California's 53 U.S. House seats are once again being contested under the 'top two' primary, where candidates from all different parties (and 'No Party Preference) are lumped into one race, and then the top two finishers advance to November. In some districts, the final two candidates will both be Democrats, in others they could both be Republican. Maybe the most active race is in the 33rd district, where over a dozen candidates of all stripes are on the ballot to succeed Rep. Henry Waxman (D-CA). The most expensive race may be in the 17th district, where Rep. Mike Honda (D-CA) has raised over $2 million, but so has one of his opponents, Ro Khanna. With a four candidate field, those two could face off again in November.
3. One Third of U.S. House incumbents rest easy
Of the 75 incumbents running for re-election in the U.S. House today, 25 of them have a free ride to the November election. Most of the action - logically - is in California, where 32 of the 47 incumbents bidding for another term have drawn opposition in California's 'top two' primary system. New Jersey is the next busiest state, with five of 11 sitting House members facing a primary opponent. Meanwhile, Rep. Robert Aderholt (R-AL) not only has no primary opponent, but no one on the ballot against him in November, while Kevin McCarthy (R-CA) has only write-in opposition in November, the same for Rep. Janice Hahn (D-CA).
4. Four lawmakers seek political comeback
In two totally different states, California and Mississippi, a pair of ex-members of the U.S. House are trying to return to Washington for another chapter. In the Golden State, ex-Rep. Doug Ose (R-CA), who served three terms between 1998 and 2004, is trying for a comeback in the 7th district, while ex-Rep. Joe Baca (D-CA) - who lost two years ago - is back for another run in the 31st district. In the Magnolia State, ex-Rep. Travis Childers (D-MS) is bidding for U.S. Senate (he'll face the Cochran-McDaniel winner) and ex-Rep. Gene Taylor (D-MS) has now switched parties, and is running against Rep. Steve Palazzo (R-MS), who defeated Taylor in 2010.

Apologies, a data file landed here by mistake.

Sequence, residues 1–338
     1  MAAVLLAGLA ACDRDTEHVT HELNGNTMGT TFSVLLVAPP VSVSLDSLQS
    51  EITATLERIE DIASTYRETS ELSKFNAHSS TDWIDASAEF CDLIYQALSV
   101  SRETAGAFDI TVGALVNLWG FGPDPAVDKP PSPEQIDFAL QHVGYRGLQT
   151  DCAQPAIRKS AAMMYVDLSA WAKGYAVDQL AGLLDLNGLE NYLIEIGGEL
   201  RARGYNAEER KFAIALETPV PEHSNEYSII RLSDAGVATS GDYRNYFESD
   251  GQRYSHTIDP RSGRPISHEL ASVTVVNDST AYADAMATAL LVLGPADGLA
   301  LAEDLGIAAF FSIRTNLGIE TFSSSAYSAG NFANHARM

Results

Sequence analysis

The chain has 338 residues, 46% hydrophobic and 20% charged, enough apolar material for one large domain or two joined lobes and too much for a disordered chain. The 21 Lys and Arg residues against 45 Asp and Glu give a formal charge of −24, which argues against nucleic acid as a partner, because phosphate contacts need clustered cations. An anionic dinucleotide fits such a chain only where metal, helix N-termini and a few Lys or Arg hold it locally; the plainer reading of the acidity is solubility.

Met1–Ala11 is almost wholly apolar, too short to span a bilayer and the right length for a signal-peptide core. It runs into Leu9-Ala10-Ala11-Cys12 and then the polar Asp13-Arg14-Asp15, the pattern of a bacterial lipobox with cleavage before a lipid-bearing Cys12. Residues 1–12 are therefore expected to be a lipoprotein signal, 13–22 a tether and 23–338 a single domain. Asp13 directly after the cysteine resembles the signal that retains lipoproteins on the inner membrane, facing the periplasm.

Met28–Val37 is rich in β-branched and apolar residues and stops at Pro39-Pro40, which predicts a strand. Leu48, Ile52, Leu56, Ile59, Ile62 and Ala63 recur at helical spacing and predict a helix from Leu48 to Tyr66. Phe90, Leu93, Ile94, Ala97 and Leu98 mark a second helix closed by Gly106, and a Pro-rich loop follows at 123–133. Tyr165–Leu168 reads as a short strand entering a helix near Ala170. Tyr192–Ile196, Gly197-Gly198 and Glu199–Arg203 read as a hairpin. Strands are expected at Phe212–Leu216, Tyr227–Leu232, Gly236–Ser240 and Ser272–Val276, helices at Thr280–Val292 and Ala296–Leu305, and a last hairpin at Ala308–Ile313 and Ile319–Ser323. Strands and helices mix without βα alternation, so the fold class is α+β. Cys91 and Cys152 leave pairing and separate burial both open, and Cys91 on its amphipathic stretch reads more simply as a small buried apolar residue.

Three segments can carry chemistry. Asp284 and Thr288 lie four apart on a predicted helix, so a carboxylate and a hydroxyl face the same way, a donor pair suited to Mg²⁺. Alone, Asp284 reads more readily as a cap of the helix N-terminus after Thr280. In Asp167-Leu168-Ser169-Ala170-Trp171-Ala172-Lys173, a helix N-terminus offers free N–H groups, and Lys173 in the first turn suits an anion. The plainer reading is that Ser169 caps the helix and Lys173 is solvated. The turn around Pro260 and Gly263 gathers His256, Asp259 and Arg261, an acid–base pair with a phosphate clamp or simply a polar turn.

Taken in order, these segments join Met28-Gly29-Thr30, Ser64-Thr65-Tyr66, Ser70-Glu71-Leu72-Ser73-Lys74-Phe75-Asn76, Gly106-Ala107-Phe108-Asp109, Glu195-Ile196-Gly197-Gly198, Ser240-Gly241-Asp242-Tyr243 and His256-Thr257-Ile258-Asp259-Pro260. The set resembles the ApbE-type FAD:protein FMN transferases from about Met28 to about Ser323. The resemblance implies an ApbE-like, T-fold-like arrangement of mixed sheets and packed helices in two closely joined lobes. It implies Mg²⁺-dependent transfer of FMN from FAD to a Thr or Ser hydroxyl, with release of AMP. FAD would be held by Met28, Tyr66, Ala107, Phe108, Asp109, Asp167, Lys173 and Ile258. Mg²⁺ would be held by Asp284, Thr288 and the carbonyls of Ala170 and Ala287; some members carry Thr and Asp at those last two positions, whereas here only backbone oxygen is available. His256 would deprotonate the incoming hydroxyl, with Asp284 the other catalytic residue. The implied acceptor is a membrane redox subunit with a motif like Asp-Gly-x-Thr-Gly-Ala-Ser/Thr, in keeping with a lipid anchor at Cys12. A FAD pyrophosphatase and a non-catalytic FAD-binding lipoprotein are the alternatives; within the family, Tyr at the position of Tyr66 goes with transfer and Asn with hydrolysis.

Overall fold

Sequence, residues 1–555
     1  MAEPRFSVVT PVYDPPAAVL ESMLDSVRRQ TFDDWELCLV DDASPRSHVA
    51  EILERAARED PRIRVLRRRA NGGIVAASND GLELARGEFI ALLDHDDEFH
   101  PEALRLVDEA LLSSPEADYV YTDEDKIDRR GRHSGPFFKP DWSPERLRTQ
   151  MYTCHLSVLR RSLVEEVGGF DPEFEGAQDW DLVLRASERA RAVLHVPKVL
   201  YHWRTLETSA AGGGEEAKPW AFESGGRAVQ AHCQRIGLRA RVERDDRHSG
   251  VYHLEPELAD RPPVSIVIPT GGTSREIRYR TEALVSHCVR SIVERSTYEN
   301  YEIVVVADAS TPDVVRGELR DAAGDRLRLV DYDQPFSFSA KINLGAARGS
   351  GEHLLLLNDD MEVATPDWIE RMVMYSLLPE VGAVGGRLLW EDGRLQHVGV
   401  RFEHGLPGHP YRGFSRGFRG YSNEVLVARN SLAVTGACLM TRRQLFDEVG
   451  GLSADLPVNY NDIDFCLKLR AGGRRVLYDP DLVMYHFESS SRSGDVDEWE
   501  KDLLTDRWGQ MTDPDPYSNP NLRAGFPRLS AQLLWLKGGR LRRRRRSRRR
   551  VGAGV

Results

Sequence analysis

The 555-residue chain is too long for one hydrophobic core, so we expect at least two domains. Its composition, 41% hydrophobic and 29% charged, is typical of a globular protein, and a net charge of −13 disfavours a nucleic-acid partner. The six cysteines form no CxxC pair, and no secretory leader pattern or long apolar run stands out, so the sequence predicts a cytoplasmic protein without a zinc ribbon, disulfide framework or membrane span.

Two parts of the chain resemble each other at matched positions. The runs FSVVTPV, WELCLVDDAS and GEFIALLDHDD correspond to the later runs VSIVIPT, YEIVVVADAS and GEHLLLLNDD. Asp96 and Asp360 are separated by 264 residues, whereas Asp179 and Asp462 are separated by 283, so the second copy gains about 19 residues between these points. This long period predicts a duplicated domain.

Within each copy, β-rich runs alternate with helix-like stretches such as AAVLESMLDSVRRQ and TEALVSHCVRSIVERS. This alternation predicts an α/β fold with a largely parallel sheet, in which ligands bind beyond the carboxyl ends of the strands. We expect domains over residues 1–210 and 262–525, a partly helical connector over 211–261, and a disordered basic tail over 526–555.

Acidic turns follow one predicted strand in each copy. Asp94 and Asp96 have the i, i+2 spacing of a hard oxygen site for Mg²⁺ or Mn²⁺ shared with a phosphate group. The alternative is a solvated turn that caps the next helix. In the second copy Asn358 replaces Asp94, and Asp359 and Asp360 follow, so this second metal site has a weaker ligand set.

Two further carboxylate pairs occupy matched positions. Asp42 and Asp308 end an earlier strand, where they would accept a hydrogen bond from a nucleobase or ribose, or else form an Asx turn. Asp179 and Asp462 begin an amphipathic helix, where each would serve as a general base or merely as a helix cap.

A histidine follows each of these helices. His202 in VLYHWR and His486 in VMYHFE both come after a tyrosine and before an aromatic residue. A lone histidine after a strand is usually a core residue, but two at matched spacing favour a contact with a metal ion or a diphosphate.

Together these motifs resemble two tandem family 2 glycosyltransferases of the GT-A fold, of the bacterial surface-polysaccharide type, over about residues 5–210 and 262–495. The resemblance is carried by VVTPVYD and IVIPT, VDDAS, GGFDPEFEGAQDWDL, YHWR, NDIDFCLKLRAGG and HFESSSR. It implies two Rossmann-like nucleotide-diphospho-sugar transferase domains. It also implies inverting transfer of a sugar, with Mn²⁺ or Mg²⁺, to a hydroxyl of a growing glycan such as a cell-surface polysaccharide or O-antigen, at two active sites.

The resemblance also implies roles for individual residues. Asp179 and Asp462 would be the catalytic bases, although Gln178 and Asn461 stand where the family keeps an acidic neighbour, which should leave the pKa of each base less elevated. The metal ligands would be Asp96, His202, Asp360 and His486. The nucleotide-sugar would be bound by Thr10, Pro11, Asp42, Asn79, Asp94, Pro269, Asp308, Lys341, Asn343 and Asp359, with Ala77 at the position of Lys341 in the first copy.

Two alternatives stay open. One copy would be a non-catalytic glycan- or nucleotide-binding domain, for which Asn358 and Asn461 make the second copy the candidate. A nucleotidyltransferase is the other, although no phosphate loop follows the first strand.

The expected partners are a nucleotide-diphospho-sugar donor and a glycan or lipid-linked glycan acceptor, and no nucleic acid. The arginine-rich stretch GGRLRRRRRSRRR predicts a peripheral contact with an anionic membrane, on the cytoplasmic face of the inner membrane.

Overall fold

5. Runoffs and Conventions
As usual, the rules make a difference in each state, and we have some variety tonight. Alabama has a 50% rule for runoffs - get over 50% and you win outright; Mississippi has the same primary runoff rule as well. In South Dakota, if no one gets to 35% in races for U.S. House, U.S. Senate or Governor, then there is a runoff that is officially called a 'secondary' election. Iowa also has a 35% rule for primaries in the Hawkeye State - but if no one gets to that threshold, then the battle is settled at the state party convention, not in a runoff. That could be a possibility in the crowded Iowa race for the Republican nomination for U.S. Senate.
6. The Battle for Senate in Iowa
With Sen. Tom Harkin (D-IA) not running for another term, Republicans have tried to rally behind state Senator Joni Ernst, and make sure that race does not go to a state convention to choose a GOP nominee. The candidate of choice for many in both the GOP Establishment and for outside groups has been Ernst; she's been endorsed by Sarah Palin, by Mitt Romney, by Marco Rubio, the U.S. Chamber of Commerce, the Senate Conservatives Fund and more. In other states, the GOP factions have fought each other, but not so much in the Hawkeye State, where Ernst has had a strong lead in recent polls.